December 6, 2020 – Advent Week 2
Peace is often defined as the absence of violence. But peace means more in Hebrew than it means in English. The word “peace” in Hebrew is “shalom,” and it implies peace, wellness, and also wholeness. We talked about hope last week, but this week is about peace.
Back in the 1950’s, the town of Aldermaston started out as a quaint village about 50 miles west from London, England. The world learned about the village because an atomic weapons research establishment was outside the city. As the Cold War escalated, opposition arose against the design and development of nuclear weapons. Around Easter of 1958, a protest march organized in London, and marched to Aldermaston. The Direct Action Committee for Nuclear Disarmament, or “CND,” is the group that organized that march.
CND started with a symbol with a cross inside a circle. But people saw the cross as a symbol associated with conflict and war. In the Crusades, soldiers marched with crosses on their armor or shields. One of the atomic A military chaplain had blessed one of the atomic bombs used in Japan.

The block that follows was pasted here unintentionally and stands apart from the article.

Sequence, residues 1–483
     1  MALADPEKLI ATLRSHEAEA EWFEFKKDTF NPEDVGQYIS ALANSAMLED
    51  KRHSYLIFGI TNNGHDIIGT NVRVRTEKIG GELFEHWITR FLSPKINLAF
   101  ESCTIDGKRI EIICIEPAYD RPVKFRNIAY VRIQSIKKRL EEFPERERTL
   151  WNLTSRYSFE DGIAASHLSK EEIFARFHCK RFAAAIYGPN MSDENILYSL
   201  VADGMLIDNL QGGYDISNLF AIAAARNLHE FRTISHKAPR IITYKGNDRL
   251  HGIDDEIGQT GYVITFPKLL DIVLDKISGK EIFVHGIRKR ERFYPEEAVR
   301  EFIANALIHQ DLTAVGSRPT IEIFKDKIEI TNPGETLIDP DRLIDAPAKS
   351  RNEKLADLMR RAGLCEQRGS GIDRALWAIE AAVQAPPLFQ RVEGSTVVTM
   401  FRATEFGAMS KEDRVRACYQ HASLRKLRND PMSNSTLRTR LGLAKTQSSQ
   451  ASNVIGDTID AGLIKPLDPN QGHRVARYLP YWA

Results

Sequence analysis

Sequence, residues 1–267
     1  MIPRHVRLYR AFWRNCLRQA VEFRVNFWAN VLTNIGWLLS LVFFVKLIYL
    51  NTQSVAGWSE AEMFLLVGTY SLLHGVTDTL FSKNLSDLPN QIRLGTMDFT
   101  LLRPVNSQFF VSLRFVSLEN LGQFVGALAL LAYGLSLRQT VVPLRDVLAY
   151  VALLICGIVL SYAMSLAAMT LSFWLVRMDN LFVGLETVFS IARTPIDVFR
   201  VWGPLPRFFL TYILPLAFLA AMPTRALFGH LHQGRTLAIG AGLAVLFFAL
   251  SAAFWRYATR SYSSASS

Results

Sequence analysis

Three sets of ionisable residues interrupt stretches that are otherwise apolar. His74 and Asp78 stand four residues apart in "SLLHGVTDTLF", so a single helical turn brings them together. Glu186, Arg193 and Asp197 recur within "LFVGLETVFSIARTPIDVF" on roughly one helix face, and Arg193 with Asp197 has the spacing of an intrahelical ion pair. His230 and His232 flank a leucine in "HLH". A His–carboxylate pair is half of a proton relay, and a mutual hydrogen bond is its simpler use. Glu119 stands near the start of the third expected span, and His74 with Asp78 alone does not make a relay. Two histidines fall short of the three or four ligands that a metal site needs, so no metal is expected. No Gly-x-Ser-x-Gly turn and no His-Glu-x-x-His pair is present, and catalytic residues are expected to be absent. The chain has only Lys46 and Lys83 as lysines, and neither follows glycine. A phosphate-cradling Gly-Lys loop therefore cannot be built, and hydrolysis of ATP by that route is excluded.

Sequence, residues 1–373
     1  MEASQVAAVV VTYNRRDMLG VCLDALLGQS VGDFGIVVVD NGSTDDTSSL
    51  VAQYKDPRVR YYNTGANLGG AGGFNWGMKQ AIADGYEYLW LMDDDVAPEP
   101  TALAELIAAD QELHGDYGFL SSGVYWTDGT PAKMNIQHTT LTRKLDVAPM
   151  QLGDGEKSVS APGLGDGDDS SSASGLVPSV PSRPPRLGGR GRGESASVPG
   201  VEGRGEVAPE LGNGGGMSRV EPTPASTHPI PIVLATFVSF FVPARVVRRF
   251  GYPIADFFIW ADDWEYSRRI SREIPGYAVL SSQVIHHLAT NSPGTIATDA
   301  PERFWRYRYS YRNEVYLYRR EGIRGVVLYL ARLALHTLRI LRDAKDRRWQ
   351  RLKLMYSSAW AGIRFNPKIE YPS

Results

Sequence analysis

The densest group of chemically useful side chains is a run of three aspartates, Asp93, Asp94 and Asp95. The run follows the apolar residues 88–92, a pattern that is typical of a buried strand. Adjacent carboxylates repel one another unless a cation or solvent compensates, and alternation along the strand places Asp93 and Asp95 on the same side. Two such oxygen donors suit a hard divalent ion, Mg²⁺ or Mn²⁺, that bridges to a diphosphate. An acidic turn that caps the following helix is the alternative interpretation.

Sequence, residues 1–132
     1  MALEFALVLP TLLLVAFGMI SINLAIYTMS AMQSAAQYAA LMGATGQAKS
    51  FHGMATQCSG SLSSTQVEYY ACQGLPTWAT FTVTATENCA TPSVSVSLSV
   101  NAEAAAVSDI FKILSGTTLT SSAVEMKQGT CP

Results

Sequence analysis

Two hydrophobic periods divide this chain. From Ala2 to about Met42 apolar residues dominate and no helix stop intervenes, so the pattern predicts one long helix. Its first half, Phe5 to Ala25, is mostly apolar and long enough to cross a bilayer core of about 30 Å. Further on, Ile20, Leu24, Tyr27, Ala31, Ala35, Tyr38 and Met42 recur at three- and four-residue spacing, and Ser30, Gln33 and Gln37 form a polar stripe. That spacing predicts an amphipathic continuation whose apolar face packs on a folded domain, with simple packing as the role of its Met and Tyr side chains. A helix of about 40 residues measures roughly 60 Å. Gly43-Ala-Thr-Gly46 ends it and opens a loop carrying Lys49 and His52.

So, to avoid that sentiment, CND designed a different symbol that would stand out during their march. If you use semaphore flags, you can make the letter “N” by moving both arms down at 45 degree angles. You can make the letter “D” with a hand straight up, and a hand straight down. The symbol begins to look like this:
The world begins in chaos in Genesis 1:1. The world was “formless and void,” which Hebrew translates as “tohu” and “bohu.” The Earth is formless and empty, and then God says “let there be light.” With just a few words, there are the beginnings of order instead of chaos.
God works in the mess to create order and peace. That’s the kind of peace we need in 2020, and in the strange times we’ve faced this year.
In 1st Kings 19:1-18, Queen Jezebel threatens the prophet Elijah, and he becomes so afraid he would rather die. God calls him to Mount Horeb, and appears to Elijah. There’s a windstorm, but it isn’t God. There’s an earthquake, and that’s not God. Finally, after a firestorm that also isn’t God, God comes as “the sound of a gentle whisper” (1st Kings 19:12).
Even in all the trouble, uncertainty, and chaos we see in our lives, God is still there in the peaceful sound of a gentle whisper.
Try to lean into the promises of God, and remember that we need to “be still” even in the present. This will pass. Do not worry or be afraid. Try to live in the moment, and be at peace.